But yet Bob and the RSPB have kept each other at one remove, though not quite arms length, and it is this dishonesty that one might find unbecoming and perhaps unnecessary. It’s a sign of subtle and stealthy High Street sales tactics seeping into our charities. And the question has to be, do we really want this? Is it beneficial for what we are trying to achieve? Yes, we cannot possibly achieve anything without a solid financial strategy, but we also cannot achieve anything without the support and goodwill of the public and our local communities. Some of the tactics that environmental charities have used risk alienating our traditional supporters. These are likely to provoke questions over just where membership fees and donations are going.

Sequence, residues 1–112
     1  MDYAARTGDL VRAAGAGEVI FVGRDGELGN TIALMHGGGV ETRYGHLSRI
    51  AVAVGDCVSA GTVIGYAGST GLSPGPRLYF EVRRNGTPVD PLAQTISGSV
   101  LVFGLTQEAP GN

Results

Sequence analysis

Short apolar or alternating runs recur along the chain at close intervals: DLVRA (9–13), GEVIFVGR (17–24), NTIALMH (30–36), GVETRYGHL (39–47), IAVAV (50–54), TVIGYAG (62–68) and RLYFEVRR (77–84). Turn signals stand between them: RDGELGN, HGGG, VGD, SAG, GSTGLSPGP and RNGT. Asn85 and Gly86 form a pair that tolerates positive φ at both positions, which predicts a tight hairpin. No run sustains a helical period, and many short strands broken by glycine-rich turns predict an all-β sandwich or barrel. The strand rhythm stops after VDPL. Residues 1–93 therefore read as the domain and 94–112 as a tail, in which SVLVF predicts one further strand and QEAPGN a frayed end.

You Forgot the Birds

YFTB Logo - I am still at a loss to explain the tagline

Take the recent You Forgot the Birds’ furore. If you have not been keeping track, this has been a hatchet job on the RSPB perpetrated by a cabal of hunting and shooting types fronted, bizarrely, by Ian Botham. The campaign is inaccurate, snide and misguided and you could therefore easily dismiss it, as just about everyone connected with the RSPB has. However, it attempts, in a hamfisted fashion, to raise some relevant points about the exactly how donations are spent. It would be wrong to dismiss these concerns just because of the wrapping they are presented in, and one only has to look at a number of the responses from RSPB members on Twitter and in comments sections to see that this has struck a chord.